Border police and airlines do not handle travelers with multiple passports.

They expect each traveler to have ONE passport. Showing two (or more) passports at border checks led to bad results for many people I met in my experience as an immigration lawyer: border officers may easily delay you and let you miss a connecting flight.

What should you know to avoid any problem at European border checks?

(This article was updated on Feb 29, 2024)

#1. European countries have immigration checks on EXIT, too!

Most countries in the world have immigration checks only on their entrance. Not in Europe.

Most European States are tied to the Schengen Agreement. They share external borders and the area within, a common space uniting more European countries, is called the Schengen area. Each traveler is expected to show the passport to the immigration police upon arrival at any point of entry of the Schengen area and also at any point of exit.

Schengen states (27): Austria, Belgium, Croatia, Czech Republic, Denmark, Estonia, Finland, France, Germany, Greece, Hungary, Italy, Latvia, Lithuania, Luxembourg, Malta, Netherlands, Spain, Slovakia, Slovenia, Sweden.
Additionally, the non-EU States Iceland, Norway, Switzerland and Liechtenstein also have joined the Schengen Area.

# 2. You are supposed to show only ONE passport. 

If you have more than one passport, which passport is it best to use?

If you are traveling to Italy and have an Italian passport or ID card, Italian law requires you to use that to identify yourself. Most states in the world have a similar policy.

– If you have an Italian passport

1. Always show your Italian passport (and only that) upon entering or leaving Italy, at any airport or another border crossing.

2. If you arrive at any point of entry in the Schengen area other than  Italy (and you do not have a passport of that particular country), again show your Italian passport. That is because Italy has privileged relations with all European Union countries.

Italian citizens can enter the EU and EAA countries freely, together with their family members. Follow the signs for European citizens and show your Italian passport.


– If you do not have an Italian passport

If you are traveling to Italy and do not have an Italian passport, the most convenient choice is to use the passport of the state with which Italy has special border policy agreements, such as one of the countries of the Schengen area (see list above). That allows you to enjoy free access without the limitations for non-EU citizens.

Other convenient passports are those of states for which Italy has no visa requirement, at least for short stays. The list varies from year to year. You can check whether you need a visa according to your passport and country of usual residence: official visa website of the Italian Ministry of Foreign Affairs.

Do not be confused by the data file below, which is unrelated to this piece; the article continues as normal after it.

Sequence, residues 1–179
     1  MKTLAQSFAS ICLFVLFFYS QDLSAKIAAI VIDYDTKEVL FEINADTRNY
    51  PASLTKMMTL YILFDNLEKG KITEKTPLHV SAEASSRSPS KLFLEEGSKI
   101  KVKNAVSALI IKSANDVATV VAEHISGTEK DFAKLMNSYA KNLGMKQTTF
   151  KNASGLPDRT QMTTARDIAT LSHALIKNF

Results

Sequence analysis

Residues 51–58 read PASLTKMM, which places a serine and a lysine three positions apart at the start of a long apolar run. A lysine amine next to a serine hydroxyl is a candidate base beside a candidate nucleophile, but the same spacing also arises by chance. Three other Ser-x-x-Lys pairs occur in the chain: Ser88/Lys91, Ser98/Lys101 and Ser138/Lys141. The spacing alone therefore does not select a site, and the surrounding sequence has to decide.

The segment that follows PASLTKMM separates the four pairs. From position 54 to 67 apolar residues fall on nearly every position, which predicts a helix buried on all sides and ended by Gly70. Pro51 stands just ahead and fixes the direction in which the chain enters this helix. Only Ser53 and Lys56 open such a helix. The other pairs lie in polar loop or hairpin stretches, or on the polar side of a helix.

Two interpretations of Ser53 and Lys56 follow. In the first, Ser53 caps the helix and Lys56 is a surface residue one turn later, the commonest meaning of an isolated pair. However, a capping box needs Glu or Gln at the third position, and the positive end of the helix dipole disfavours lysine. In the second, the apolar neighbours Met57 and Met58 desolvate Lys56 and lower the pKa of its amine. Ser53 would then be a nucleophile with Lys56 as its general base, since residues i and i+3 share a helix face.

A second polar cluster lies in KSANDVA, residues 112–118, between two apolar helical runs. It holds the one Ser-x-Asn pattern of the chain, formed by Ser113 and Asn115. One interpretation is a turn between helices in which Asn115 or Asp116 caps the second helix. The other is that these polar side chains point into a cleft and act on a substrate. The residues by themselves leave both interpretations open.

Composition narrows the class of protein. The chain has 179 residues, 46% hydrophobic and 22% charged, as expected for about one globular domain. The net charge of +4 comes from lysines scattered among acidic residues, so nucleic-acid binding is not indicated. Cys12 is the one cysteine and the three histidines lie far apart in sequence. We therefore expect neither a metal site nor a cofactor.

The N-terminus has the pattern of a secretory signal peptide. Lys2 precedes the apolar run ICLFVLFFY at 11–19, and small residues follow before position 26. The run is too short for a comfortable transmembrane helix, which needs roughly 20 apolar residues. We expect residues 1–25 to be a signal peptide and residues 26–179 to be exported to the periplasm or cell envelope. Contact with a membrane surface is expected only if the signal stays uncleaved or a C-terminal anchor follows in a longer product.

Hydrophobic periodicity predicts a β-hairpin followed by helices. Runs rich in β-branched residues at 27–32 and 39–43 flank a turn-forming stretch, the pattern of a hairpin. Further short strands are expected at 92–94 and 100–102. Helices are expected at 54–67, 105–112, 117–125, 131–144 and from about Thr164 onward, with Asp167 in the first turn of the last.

How does the 90-days rule work with 2 passports?

Even if you are “visa-free”, a 90-days limit applies. The Schengen area policy is such that you can stay for a maximum of 90 days within the last 180-days period from your entry date (counting backwards). Check my article here for more details.

If you have more than one passport and none is of a Schengen state (listed above), the same rule applies. Each person has a 90 days stay limit within the 180-days period.

#3. Ticket data = passport data

When bookign your flight, write your data carefully according to what is written on your passport when traveling to Italy and to Europe.

Border police checks start with matching your passport data (including the passport number) with your travel ticket, as well as an EU Passenger Locator Form and whatever other document they may request at any given time of the year.

If the border police notice any difference, a deeper and more time-consuming control will take place. The outcome depends on the law of the state in which you find yourself at the time of entry. Moreover, you can be denied boarding if your name on it differs in anything from that on the registered passport in your flight booking.

Not only the passport number on your travel ticket and forms can be an issue. In some cases, the same person’s name and last name may vary from one passport to the other. For example, a married woman’s last name may be registered differently from country to country.  Whilst many states apply the husbands’ name to a wife, in Italy the maiden name usually applies to all ID documents. Moreover, the spelling of the name may vary, according to the law of the state that issued the passport. Italy applies the name(s) and spelling exactly as in the concerned person’s birth record.  The name on the birth record match exactly the name on the passport.


What if you already booked your trip with your other passport?

The risk is high that you will be denied boarding. So it is important to change your ID data on your travel ticket.

Most airlines allow you to change your data until checking in (for a fee). If you do not manage to obtain the change online or via the airline customer care before your departure date, you can obtain the changes at the check-in counter or at the airline office in the airport.



Show your Italian passport BOTH at entry and exit points. Your hassle-free journey starts with your booking. Remember to write the data on your Italian passport.


Would you like to know more? Download my free SPECIAL 2 PASSPORT TRAVEL KEY


  • Which checks are you meeting on your way IN and on your way OUT of Europe?

  • Which passport are you supposed to show at border checks outside of Europe, as an Italian dual citizen?

  • More details on how does the 90-days rule work with 2 passports



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